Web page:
Friday, October 26, 2007

For Reformation Sunday

(I don't normally post the same thing here and at my home blog, but I think this dovetails nicely with Fred's last post.)

In honor of Reformation Sunday this weekend, I want to post a little something on the nugget of truth that rocked the world that was, four hundred and ninety years ago.

Romans 4:5 says, "And to the one who does not work but trusts in him who justifies the ungodly, his faith is counted as righteousness." (ESV)

Truthfully, to get what this verse is saying, you've got to work your way in a straight line from Romans 1:1. Looking at it in isolation like this, with no extended discussion of context, is not the ideal way of doing things. But the discussion that follows does strive to take all of that into account. I'm looking at one verse, but striving to avoid looking at it as if it exists in a vacuum, okay?

1. "to the one who does not work": Paul has a very narrow definition in mind here. The one who does not work is not one who purposefully avoids doing anything. He's not one who disdains all good works. In context, this is one who has stopped trying to prove how righteous he is by knocking himself out with meticulous law-keeping. I mean, he's stopped using the law of God as his proving-ground.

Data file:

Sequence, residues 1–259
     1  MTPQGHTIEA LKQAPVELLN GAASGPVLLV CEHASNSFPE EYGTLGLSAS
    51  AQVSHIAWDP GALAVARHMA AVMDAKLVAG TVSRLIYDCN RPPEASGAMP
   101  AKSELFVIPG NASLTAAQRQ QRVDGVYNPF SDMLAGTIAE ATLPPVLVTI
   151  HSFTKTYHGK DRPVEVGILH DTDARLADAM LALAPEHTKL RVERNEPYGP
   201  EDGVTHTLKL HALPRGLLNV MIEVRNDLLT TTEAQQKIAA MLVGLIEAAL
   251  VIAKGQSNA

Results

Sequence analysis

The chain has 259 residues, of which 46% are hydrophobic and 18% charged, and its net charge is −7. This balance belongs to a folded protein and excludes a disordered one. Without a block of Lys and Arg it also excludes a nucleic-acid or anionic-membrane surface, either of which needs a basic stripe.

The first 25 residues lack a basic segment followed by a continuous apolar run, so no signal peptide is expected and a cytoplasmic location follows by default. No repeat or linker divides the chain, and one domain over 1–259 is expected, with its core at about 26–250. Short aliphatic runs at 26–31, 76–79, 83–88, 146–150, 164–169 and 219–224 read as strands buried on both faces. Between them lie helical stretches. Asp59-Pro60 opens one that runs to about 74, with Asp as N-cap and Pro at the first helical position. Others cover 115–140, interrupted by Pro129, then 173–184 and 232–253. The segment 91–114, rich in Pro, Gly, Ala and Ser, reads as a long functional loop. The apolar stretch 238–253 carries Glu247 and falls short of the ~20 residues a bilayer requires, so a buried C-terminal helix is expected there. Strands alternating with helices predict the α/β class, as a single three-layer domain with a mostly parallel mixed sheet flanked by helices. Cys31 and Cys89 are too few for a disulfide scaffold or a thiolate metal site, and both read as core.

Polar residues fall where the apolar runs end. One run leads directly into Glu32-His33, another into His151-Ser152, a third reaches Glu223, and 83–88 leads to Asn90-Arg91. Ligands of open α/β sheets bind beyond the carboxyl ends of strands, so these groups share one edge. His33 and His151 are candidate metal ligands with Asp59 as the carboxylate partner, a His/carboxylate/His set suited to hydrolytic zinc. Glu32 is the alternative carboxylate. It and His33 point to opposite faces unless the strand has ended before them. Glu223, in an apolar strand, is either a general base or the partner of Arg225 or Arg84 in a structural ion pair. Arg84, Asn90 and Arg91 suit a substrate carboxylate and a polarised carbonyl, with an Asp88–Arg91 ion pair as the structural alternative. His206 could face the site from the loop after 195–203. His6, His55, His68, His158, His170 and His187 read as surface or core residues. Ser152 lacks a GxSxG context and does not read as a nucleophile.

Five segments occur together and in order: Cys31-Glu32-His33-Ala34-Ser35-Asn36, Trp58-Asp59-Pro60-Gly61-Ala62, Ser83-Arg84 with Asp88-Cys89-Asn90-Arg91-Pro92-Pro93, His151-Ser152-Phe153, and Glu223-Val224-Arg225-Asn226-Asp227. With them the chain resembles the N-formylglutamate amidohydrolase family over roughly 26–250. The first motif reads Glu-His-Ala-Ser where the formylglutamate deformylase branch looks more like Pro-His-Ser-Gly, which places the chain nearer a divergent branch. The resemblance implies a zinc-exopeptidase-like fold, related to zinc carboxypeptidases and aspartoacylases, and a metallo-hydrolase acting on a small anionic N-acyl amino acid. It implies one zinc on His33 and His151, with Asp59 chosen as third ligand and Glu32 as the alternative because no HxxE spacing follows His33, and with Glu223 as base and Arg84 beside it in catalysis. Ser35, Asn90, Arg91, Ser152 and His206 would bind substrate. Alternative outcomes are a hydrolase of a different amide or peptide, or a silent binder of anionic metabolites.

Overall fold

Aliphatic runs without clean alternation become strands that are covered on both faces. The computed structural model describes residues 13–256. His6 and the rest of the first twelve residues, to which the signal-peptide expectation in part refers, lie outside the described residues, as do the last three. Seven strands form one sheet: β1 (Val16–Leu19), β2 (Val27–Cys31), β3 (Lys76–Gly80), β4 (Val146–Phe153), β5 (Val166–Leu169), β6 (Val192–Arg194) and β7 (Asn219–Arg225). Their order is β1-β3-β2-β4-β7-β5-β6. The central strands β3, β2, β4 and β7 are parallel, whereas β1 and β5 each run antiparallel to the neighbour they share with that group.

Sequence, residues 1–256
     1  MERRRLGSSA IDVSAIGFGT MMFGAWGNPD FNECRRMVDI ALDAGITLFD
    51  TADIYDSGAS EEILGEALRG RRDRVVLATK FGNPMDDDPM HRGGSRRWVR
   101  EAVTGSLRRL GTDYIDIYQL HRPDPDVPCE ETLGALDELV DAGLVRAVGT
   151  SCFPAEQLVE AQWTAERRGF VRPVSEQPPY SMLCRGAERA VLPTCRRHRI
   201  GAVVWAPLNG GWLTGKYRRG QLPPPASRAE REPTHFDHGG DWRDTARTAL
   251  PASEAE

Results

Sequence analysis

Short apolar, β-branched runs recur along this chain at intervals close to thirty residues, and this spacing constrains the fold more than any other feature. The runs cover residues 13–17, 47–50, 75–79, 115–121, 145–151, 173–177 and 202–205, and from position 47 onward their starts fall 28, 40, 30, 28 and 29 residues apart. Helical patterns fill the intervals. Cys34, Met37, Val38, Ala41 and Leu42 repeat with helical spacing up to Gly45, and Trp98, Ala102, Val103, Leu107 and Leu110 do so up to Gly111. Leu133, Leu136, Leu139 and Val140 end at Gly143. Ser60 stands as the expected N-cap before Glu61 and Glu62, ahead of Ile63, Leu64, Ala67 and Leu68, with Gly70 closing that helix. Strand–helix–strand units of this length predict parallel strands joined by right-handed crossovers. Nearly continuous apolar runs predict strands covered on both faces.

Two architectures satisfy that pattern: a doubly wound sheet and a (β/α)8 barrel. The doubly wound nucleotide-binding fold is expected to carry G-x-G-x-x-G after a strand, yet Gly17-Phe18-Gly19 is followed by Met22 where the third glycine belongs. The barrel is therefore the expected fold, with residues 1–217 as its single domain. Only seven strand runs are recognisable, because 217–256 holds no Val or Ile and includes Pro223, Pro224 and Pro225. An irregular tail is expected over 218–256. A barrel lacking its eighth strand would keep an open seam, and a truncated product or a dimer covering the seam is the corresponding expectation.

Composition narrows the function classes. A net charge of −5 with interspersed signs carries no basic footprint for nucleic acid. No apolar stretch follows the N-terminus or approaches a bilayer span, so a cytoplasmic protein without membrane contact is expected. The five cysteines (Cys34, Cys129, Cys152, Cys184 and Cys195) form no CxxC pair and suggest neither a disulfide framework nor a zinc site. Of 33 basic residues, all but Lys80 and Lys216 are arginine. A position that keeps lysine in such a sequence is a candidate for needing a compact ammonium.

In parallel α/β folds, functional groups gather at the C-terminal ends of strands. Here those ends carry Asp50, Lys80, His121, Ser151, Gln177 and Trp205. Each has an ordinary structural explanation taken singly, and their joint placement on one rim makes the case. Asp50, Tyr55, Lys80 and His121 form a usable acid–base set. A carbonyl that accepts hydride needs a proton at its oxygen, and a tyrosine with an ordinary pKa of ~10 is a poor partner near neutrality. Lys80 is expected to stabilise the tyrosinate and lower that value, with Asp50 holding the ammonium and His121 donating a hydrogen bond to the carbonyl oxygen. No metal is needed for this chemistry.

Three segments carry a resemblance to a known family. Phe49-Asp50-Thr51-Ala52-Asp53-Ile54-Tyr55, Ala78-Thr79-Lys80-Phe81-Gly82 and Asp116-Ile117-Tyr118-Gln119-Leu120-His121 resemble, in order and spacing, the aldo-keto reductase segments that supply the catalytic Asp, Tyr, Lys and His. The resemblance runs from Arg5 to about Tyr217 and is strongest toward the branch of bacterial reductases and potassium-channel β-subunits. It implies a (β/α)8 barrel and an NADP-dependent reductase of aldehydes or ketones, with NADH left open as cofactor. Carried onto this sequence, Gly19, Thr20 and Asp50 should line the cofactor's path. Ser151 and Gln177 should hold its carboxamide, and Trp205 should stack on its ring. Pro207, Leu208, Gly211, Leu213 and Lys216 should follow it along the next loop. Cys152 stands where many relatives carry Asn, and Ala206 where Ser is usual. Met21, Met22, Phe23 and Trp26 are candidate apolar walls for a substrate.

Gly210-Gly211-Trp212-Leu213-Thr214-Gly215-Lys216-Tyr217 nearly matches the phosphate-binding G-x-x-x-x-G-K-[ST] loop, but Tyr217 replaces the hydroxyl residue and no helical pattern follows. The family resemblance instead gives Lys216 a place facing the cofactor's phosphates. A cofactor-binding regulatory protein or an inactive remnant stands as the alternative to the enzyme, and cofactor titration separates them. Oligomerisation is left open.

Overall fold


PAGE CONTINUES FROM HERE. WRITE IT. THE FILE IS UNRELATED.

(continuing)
It's easy to look back and see the Pharisees condemned in this. Their law-keeping was all about showing everybody how righteous they were.

But I think we have a tendency even as Christians to lapse into something like this. Maybe we don't try to do things to earn our commendation as righteous people (at least I hope we don't.) We can, though, slide into a thought process by which we still believe that our relationship with God is a works-based thing, and not a faith-based thing. If we're not conscious of great sin in our lives, it's easier for us to "feel" that God loves us. And when we yield to temptation, we can start to doubt that He does. So we can get into the whole performance-based rut if we do not always keep in mind that which is in fact the basis of our relationship with God: That is, of course, the righteousness of Jesus Christ.

Another thing to note: Paul is elsewhere always fervent to urge Christians to continue in good works, so this "one who does not work" is not talking about there being some virtue in doing nothing for the kingdom of God. It is narrowly describing one who has stopped trying to earn anything in His sight.

2. "but trusts him who justifies the ungodly": A world of theological confusion would be cleared up if we'd get a hold of this. Who is it that God justifies? Those who deserve it? The righteous? No. He justifies the ungodly. Now, the Bible teaches that justification is a very initial step in Christian life. It happens at the beginning. To the ungodly. But we are supposed to progress. You don't get to stay that way.